Entry 2: Life goals for the anxious person



I write about my experience with anxiety, and neurosis in general. I am no psychiatrist, psychologist, or scholar. Just an anxiety-stricken person.

If you’re an anxious person, or a person suffering from anxiety, one of your goals in life is probably to NOT be anxious. Funny enough, that only makes the anxiety worse as you find yourself anxious about being anxious: “Why can’t I just not be so anxious!”

It’s vexing isn’t it? And as you sit there trying to stop overthinking or overanalysing the matter at hand, everything seems overwhelming and you’re about to crack.

Living life on edge is the least bit fun. You often wonder if something is wrong with you, and why you struggle to be ‘normal’ like the rest of the crowd. Turns out millions of people struggle too though. Anxiety today is a lot of times the bodily response to the stresses of modern life. But perhaps if we saw it in a different light, it could help. It just could.

As mentioned in my first entry, I encountered a book called ‘Emotional Agility‘ which I found immensely enlightening. Particularly for someone like myself who has had a history of anxiety and am in general a rather highly emotional person. I recommend it a must-read to all peeps out there who have similar experiences and struggles.

Goal setting in itself may be challenging for anxious persons. “What if I can’t achieve this or that?” Often we put too much pressure on ourselves to achieve big things and get disappointed or hurt when we can’t accomplish what we aimed for.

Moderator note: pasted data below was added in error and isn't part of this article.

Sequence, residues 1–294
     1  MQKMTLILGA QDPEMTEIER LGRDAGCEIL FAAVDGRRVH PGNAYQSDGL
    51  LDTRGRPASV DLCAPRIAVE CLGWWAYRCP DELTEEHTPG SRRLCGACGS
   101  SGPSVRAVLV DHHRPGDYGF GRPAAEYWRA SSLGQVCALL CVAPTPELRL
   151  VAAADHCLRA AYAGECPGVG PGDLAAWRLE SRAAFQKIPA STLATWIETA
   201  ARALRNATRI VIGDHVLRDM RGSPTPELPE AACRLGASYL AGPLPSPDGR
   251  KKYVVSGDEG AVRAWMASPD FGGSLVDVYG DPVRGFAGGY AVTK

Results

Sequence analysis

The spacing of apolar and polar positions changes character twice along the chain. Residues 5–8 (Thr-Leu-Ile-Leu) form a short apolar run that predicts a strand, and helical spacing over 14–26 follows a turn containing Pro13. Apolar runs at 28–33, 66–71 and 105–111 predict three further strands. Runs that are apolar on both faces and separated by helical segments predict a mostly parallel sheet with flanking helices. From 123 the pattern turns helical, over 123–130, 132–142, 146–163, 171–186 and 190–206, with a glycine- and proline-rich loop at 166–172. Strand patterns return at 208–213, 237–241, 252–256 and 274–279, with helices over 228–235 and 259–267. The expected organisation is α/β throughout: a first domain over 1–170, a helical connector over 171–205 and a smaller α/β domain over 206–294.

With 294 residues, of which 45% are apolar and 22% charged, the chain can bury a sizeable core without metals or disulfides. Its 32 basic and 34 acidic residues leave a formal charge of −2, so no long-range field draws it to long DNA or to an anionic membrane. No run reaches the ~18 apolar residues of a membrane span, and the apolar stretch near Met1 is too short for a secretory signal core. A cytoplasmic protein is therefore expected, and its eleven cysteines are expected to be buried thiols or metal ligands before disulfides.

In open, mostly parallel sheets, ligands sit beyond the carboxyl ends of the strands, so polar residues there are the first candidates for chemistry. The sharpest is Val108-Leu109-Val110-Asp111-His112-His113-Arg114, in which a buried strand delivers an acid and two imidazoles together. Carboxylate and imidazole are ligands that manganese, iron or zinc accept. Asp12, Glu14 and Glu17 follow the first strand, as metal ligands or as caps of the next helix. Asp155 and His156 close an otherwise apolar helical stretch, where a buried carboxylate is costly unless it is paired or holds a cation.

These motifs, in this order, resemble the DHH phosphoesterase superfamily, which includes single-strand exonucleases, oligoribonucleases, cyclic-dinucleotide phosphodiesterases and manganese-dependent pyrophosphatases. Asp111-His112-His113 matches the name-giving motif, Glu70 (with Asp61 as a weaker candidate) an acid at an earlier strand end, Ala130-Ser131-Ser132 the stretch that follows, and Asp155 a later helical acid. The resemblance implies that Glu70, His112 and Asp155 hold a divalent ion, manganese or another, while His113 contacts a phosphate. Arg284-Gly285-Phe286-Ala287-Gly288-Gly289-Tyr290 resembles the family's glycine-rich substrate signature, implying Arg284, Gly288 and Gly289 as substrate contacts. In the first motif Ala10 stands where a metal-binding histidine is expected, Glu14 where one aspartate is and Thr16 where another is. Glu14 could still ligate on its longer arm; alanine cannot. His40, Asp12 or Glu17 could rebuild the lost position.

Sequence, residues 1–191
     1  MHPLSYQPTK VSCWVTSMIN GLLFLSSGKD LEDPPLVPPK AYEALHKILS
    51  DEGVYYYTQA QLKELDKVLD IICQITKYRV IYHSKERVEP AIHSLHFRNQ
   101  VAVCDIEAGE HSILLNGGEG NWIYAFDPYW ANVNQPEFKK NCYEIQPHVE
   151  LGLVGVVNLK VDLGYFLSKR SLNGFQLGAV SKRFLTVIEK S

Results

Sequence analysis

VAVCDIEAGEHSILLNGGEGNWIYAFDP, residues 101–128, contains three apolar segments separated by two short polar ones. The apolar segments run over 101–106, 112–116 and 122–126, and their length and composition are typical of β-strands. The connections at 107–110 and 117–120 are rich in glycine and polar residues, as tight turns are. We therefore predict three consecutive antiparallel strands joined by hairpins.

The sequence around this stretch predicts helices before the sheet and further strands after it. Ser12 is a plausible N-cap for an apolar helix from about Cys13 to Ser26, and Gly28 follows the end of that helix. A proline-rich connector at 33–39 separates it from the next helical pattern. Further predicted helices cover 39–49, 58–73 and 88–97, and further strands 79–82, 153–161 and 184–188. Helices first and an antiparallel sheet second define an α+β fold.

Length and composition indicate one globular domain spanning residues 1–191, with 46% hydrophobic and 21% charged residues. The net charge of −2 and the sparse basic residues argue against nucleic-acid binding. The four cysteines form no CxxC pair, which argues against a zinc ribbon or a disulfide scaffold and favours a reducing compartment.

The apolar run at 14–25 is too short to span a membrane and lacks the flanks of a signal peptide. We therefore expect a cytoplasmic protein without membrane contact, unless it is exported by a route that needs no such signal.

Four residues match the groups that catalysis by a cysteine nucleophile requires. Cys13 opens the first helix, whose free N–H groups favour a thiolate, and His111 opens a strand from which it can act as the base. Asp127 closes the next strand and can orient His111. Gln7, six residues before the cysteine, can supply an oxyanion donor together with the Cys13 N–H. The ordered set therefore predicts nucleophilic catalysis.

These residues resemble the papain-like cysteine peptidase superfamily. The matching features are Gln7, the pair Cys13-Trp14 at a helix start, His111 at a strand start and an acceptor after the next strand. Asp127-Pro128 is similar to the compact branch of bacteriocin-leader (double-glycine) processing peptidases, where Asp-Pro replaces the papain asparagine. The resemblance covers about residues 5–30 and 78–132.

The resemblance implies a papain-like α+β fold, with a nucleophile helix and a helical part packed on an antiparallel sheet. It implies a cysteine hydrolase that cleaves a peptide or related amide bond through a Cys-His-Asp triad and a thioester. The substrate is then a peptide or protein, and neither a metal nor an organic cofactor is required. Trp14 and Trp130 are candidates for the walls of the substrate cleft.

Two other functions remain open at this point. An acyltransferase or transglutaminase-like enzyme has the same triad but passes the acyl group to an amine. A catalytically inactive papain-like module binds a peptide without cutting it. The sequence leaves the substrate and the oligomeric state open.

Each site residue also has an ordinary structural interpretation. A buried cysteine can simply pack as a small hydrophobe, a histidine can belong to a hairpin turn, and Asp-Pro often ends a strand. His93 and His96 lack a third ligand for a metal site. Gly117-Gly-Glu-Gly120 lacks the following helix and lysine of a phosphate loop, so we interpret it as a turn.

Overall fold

I recently created a list of realistic life goals I have as an anxious person myself. My life goals are little actionable goals that I can achieve in the foreseeable future, and things I can actively practise or achieve whenever I am anxious. They aren’t things like “I want to stop being anxious” which is far too big a leap. Instead, take things one at a time, break down how you can achieve the end goal, and set those as daily resolutions.




1. Accept that anxiety is a state of mind

It’s a phase that will pass; it has a beginning and an end. Just as other feelings and emotions do. And just as feelings and emotions are part of being alive, notice and accept that it is part and parcel of living.


2. Stop trying to head for the exit sign

Trying to not be anxious just exacerbates it and I have never found it to work at all. Not once. I used to distract myself – which does help to some extent – but the problem lies with the fact that one ends up avoiding the issue at hand and it will eventually repeat itself.

When the desire to run for the hills is strong, fight it. Pause, breathe, revert (to number one). Remember, this is a state of mind, and this too shall pass.


3. Seek joy in and appreciate the little things

I think this is pretty self-explanatory. With the overwhelming lot of things in modern life to deal with and stress about, we often overlook the little things that count and that we could feel thankful for. Focus on the good things in life too.


As with all things in life, it’s always easier said than done. It takes practice, determination and patience, but hey what in life doesn’t require a little of that?

Worth a read, I highly recommend the book ‘Emotional Agility’ by Susan David.

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